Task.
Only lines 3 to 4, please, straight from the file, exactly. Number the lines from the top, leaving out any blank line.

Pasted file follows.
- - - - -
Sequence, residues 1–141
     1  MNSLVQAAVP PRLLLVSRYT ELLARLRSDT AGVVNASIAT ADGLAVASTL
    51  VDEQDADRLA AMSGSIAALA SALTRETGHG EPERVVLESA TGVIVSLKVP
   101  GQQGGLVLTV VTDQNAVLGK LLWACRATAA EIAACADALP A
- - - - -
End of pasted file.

    51  VDEQDADRLA AMSGSIAALA SALTRETGHG EPERVVLESA TGVIVSLKVP
   101  GQQGGLVLTV VTDQNAVLGK LLWACRATAA EIAACADALP A